Why Beijing is allegedly opening police stations on Canadian soil

The People’s Republic of China has opened at least three police stations on Canadian soil as part of an alleged attempt by the country’s security state to keep an eye on the Chinese-Canadian diaspora.

Three addresses in Toronto are known to be registered as “service stations” operated by the Fuzhou Public Security Bureau, a police force active in the Chinese metropolis of Fuzhou.

The revelations were contained in a newly published report by the Asian human rights group Safeguard Defenders.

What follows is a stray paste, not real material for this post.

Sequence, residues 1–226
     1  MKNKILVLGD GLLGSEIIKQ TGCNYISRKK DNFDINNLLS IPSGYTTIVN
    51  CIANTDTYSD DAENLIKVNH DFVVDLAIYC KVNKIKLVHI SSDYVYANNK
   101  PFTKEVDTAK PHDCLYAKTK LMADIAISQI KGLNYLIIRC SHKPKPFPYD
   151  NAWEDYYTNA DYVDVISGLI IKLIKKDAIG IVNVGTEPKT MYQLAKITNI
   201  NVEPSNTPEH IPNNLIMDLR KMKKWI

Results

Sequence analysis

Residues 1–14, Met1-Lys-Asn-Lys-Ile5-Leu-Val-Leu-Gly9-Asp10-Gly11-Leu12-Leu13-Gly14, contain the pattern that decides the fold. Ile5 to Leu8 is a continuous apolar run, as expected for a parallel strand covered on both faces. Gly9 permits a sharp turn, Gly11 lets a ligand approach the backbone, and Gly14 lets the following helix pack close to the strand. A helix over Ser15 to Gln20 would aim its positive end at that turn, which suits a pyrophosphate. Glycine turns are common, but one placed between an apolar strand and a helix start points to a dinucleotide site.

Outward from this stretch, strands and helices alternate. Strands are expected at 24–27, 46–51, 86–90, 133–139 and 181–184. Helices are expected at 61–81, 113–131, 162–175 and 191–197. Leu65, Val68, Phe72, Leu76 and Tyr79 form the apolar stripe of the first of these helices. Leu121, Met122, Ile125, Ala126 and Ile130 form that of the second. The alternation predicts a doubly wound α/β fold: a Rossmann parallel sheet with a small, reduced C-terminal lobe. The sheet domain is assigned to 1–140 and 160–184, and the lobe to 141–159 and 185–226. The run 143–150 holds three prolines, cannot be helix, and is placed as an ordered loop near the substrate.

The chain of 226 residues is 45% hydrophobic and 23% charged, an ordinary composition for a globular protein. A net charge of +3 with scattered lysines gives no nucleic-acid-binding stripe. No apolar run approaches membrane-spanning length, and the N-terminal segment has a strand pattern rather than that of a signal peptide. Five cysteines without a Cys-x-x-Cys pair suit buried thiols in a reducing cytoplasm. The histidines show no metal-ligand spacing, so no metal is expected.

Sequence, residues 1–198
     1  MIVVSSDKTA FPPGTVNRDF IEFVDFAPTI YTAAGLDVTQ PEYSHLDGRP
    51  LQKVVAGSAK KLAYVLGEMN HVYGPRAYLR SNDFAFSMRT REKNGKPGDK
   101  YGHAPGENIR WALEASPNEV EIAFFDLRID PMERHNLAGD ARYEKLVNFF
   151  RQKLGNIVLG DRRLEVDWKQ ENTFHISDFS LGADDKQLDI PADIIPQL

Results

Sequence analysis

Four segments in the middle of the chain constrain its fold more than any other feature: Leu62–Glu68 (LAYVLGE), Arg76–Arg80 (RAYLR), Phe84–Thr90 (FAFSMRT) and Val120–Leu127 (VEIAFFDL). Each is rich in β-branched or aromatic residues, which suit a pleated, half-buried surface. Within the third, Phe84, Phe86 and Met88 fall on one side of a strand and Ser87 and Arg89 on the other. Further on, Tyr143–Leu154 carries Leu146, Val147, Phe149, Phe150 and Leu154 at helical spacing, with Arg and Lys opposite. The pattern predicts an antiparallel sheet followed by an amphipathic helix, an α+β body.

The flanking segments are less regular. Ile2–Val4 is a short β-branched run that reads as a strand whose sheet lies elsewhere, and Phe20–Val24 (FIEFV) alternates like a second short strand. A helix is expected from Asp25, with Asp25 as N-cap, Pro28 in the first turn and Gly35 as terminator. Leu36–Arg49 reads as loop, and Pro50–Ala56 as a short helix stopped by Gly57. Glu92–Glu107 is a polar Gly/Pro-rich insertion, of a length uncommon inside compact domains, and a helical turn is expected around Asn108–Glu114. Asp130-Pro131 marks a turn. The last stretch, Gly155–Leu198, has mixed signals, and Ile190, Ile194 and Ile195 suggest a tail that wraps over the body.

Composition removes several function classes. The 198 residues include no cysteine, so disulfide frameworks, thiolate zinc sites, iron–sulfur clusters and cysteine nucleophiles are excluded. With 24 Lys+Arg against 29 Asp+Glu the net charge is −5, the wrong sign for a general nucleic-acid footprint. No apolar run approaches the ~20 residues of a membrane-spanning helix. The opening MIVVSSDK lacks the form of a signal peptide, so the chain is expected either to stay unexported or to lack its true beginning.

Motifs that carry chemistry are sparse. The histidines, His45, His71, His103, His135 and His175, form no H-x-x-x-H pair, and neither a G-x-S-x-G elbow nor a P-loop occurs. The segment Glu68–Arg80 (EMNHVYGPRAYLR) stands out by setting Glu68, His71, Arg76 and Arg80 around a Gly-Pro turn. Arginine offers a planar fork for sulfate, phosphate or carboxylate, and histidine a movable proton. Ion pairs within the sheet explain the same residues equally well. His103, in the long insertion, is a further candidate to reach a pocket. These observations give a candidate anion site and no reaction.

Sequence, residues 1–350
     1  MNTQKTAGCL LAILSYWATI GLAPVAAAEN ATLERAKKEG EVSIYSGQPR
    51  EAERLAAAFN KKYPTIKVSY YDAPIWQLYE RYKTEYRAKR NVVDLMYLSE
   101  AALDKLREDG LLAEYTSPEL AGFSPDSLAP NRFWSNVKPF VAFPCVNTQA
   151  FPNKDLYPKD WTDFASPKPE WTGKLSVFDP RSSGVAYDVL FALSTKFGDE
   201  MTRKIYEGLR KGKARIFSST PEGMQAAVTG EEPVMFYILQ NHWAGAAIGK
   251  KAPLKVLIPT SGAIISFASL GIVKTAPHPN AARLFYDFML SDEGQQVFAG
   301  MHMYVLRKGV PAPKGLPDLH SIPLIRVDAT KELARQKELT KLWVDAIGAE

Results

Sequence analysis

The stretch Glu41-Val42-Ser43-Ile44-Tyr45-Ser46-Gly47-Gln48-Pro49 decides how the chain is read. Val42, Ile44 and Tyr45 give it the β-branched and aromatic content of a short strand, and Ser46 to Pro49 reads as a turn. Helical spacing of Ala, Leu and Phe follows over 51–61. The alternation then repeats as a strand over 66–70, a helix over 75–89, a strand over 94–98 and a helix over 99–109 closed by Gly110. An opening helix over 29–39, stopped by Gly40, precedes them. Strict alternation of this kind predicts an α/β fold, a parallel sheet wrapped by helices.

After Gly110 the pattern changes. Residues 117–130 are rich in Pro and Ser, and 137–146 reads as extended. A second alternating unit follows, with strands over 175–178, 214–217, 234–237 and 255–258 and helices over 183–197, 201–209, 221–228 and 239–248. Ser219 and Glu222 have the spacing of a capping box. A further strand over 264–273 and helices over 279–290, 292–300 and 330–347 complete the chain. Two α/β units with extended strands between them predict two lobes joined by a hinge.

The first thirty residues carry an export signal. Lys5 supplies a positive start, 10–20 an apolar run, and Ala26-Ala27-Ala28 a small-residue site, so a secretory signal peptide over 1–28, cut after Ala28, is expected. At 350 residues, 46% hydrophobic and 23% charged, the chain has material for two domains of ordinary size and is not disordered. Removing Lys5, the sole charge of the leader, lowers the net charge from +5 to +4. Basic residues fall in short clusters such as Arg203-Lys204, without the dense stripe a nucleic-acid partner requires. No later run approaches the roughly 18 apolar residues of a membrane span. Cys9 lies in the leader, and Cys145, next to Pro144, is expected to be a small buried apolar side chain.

China maintains that the stations exist simply to assist expats in completing administrative tasks such as renewing driver’s licences.

Safeguard Defenders holds that the stations function mainly as outposts for the Chinese policy of “Involuntary Return” – a program of compelling Chinese nationals to return home whenever the country’s security service deems that they’ve violated Chinese law. “These operations eschew official bilateral police and judicial cooperation,” they wrote.

In just the last year, reported the group, Chinese authorities have claimed that 230,000 of their expats have been “persuaded to return” on various charges. According to Safeguard Defenders, these returns are often obtained by visiting extreme sanctions on the families of those targeted, such as asset seizures and prohibition from seeking government health care or education.

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